Yah, you are correct, the government (the poor taxpayer) saved Goldman Sachs' posterior - GS partners/directors are among the richest 0.5% of the world's population. Former Goldman partners in government took our money to bail out their buddies at Goldman. That's the problem. What ever platitudes you have about government, government is made up of people just as greedy and self-seeking as the folk who bankroll their campaigns. If only Enron was hugely indebted to Goldman Sachs. Jeff Skilling would still be walking the streets of Houston and Ken Lay would not be living somewhere, who knows where, under an assumed name. He died? Got any proof, other than what the media tells us? Maybe he is dead. Just like to believe that he, with the help of his friends in high places, managed to do a disappearing trick.

    "This "problem" can be "solved" by reallocating the tax burden in such a way that it would be more rational for a company to remain on-shore."

    This is what they are doing in Canada through lowering the tax rate, but you don't seem to like that either. US Corporations are moving their manufacturing to Singapore, Malaysia and Taiwan because of the huge discrepancy in tax rates. Corporations are global animals. They create jobs with no regard to patriotism. Capital goes to where the best returns are earned.

    "The more prisoners, the more profit for the prison companies, so what do we have? Three Strike laws and the War on Drugs filling prisons beyond bursting, so more prisons get built (privately) and more contracts are given out."

    Again, the War on Drugs has nothing to do with the proper role of government. Rather, it exists to expand the size of government (justice system, police, prison, etc.) and benefits the prison-industrial complex. As you and I care about the middle class, the drug war has decimated the middle class, particularly poorer communities (once middle-class or at least the potential to become middle-class) of color. Another example of how government takes care of special interests, but under the guise that they are protecting us and our children - social consequences be damned. The war on drugs is one of government's biggest failures. They try and keep drugs off our street and yet in prisons, the one place where they have total control, drugs are readily available. They can't keep prisons drug free, but they want to keep our streets drug free. Pathetic.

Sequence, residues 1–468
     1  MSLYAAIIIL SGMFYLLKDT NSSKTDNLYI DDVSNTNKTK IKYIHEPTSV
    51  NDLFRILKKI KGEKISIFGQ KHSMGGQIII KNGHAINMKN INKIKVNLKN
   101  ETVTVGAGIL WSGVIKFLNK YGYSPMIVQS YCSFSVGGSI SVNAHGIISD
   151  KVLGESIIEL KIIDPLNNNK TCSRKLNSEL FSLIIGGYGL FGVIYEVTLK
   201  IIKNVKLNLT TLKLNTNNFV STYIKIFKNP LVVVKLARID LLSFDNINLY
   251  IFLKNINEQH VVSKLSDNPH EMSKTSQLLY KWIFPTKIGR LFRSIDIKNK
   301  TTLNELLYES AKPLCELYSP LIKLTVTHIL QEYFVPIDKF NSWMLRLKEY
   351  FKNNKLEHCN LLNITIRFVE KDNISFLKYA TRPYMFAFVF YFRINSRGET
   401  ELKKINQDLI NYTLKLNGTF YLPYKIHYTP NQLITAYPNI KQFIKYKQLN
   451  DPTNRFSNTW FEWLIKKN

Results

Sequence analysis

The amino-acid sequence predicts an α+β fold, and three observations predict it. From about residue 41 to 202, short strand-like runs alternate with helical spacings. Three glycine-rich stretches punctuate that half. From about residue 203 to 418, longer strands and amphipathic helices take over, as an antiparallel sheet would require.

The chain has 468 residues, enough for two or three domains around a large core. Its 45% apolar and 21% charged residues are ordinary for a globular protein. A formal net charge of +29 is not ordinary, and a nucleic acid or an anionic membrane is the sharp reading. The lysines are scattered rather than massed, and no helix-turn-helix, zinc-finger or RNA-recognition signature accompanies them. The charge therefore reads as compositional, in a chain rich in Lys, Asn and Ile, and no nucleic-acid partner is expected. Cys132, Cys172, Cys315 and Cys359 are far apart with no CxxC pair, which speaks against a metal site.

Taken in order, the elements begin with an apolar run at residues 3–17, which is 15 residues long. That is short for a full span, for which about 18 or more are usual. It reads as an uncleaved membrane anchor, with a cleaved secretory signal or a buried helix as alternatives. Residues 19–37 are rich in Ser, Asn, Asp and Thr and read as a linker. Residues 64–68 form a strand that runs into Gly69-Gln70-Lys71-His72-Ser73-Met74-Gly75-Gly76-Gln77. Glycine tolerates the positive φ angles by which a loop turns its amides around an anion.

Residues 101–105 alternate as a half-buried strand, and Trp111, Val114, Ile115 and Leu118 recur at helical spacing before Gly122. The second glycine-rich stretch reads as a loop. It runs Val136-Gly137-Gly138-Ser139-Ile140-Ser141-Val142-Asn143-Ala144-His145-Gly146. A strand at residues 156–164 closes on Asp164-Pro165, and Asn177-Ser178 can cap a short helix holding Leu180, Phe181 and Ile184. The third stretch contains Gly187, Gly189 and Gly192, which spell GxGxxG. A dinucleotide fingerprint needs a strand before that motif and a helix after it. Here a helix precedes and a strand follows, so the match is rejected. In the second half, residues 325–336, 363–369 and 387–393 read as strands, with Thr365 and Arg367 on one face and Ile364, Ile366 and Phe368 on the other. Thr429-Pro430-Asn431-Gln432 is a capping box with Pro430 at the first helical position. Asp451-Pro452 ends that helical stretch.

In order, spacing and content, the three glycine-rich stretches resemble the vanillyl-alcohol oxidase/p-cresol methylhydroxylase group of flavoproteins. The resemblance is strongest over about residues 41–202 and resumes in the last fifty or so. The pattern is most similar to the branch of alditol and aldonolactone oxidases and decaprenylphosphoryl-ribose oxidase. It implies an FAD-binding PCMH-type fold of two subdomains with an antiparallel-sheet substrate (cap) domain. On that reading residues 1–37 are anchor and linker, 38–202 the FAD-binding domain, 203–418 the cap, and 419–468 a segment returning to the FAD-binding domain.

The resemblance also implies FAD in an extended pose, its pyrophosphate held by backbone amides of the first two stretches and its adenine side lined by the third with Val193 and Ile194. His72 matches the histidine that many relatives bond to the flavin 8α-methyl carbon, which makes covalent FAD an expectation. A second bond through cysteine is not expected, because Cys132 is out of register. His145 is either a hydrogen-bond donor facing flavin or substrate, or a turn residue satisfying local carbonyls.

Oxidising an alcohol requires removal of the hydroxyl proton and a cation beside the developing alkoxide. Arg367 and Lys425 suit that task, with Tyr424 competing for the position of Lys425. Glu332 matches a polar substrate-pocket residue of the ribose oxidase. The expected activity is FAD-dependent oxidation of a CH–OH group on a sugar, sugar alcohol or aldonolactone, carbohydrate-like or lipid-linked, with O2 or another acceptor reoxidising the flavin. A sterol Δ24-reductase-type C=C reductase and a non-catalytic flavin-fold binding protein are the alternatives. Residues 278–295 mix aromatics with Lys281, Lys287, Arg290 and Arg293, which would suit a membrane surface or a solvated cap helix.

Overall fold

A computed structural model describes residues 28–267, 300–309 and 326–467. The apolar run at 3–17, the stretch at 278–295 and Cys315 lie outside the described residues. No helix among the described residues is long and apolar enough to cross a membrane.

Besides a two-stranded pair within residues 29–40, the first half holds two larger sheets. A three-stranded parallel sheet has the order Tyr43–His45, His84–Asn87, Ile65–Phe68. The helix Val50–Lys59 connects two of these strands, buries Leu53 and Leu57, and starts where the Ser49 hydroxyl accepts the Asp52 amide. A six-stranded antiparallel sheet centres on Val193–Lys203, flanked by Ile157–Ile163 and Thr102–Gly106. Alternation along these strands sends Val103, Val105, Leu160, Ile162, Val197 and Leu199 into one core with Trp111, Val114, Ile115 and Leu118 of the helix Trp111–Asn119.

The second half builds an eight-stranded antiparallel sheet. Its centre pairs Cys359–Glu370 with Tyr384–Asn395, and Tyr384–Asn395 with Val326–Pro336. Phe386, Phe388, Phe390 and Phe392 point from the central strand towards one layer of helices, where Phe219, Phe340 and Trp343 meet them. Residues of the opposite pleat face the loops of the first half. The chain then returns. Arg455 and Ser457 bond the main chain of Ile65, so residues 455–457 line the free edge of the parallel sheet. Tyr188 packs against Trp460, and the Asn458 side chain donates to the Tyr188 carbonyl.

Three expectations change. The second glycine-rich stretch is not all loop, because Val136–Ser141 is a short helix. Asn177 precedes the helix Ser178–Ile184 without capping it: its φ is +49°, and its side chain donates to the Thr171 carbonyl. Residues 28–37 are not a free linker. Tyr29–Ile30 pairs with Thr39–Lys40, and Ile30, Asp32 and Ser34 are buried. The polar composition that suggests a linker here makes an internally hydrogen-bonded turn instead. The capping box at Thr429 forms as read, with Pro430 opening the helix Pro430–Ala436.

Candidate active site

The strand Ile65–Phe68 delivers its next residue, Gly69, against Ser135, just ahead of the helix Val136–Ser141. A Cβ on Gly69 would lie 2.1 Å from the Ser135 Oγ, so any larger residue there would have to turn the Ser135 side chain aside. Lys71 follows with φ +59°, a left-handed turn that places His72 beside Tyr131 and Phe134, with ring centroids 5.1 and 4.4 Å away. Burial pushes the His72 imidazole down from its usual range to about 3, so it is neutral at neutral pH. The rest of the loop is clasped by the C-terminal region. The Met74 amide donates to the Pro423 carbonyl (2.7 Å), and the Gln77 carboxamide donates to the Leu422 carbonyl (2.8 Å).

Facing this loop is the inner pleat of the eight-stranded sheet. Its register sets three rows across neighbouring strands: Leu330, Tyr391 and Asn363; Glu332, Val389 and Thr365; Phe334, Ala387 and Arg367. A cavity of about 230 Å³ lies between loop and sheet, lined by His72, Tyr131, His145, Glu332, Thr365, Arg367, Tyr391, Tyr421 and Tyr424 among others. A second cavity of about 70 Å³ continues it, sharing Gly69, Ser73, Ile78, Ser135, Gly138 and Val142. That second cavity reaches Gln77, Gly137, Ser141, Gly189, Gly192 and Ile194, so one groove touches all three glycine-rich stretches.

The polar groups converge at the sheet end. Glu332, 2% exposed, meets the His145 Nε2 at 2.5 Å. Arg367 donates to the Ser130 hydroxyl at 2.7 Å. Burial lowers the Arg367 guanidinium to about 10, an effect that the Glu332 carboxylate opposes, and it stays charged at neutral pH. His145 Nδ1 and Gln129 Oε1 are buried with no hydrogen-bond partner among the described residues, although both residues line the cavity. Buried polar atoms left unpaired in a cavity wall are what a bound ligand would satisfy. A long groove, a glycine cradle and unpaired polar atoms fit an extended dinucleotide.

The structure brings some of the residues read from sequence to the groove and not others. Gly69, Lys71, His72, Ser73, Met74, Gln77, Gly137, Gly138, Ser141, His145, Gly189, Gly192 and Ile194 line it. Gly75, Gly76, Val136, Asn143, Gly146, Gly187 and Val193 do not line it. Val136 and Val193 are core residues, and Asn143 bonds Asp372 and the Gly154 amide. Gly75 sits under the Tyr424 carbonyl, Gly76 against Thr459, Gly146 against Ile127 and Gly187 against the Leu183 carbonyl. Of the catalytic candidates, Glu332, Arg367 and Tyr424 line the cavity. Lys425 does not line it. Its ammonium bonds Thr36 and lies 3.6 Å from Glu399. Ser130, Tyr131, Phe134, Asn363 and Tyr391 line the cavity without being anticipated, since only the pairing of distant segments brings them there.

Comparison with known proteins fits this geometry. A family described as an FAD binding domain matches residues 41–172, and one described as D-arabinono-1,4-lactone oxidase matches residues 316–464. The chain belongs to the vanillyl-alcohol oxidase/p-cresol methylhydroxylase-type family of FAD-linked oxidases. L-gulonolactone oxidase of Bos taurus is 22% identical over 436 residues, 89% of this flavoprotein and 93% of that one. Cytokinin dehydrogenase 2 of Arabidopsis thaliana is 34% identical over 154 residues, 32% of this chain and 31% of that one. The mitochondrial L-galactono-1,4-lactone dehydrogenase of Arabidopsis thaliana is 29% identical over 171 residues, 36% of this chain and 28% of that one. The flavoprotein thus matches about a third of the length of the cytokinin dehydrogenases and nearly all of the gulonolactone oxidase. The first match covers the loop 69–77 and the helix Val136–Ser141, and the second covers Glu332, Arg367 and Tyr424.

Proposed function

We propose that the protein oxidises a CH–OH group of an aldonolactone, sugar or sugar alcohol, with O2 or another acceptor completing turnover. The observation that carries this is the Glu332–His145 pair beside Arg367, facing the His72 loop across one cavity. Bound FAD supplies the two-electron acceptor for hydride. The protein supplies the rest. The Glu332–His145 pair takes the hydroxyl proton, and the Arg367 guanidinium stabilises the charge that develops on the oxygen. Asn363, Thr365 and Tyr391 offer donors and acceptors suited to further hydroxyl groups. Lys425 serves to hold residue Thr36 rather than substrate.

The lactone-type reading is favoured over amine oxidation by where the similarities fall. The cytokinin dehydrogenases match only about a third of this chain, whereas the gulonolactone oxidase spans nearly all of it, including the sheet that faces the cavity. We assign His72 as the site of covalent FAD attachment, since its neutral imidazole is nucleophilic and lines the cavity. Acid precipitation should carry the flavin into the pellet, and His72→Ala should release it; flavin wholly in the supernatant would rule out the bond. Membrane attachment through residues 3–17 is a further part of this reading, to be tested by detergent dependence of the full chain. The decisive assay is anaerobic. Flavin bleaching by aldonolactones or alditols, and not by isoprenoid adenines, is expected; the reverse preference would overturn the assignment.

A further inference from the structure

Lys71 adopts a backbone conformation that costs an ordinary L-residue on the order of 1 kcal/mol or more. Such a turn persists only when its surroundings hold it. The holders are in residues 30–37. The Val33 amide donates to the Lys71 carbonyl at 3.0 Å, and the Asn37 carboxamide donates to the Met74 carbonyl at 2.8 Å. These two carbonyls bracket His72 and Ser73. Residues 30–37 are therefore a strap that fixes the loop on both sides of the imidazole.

"... Good Government is both good and possible, at least in theory..." And in practice, but not in Washington. Decades of graft have turned them all into slaves of special interest groups represented by an army of lobbyists.

    (I'm not a Conservative by any stretch of the imagination. George Bush is conservative, of the neo-con kind. I am light years removed from Conservatives. Conservatives are not socially tolerant. It is true that Conservatives don't like government intervention in the economy, but they crave social intervention and particularly warfare intervention.)

    Anyway, thanks for the debate. Our motives are right. We want a better world, but we have different ideas of how to achieve it.
    Dec 20 02:16 PM | 2 Likes Like |Link to Comment
  • My 2014 Growth Stock Picks [View article]
    Strong words... but I'll add my penny's worth. I have noticed that stock buybacks made a huge contribution to EPS, which would be fine if funded wholly by free cash flow. However, check the numbers yourself, but, depending on your choice of time frame, the numbers are along the following lines: $9 billion spent to repurchase 70 million shares (32 million over the past five years) the past decade of which free cash flow contributed $6.3 billion, with debt funding the balance. Purchases in the early part of the decade were done at much lower valuation multiples. I could be wrong, but I don't think they can replicate the historic rate of stock repurchases without adding a lot more debt.
    Dec 20 10:51 AM | 1 Like Like |Link to Comment
  • Paul Krugman's Fallacies [View article]
    You are setting up straw men to support your argument.

    The private sector consists of private and public corporations. The public corporations you rightfully vilify are in bed with Congress. The greed virus runs through the boardrooms, the lobbyists and into the halls of Congress.

    One example: Sarbanes-Oxley (deeply flawed and compromised due to pressure from special interests) included a provision that mandated the expensing of stock options. (Stock options are insiders favorite tool to raid the corporate treasury) Government, in the form of George Bush (would have been no different, regardless of which party occupied the leadership position in any branch of government at the time), threatened to veto the legislation unless the mandate was removed; which was duly done. (Stock option compensation was not considered an expense, but nonetheless allowed as a tax deduction by the Tax Code as mandated by a corrupt Congress - you can't make it up.)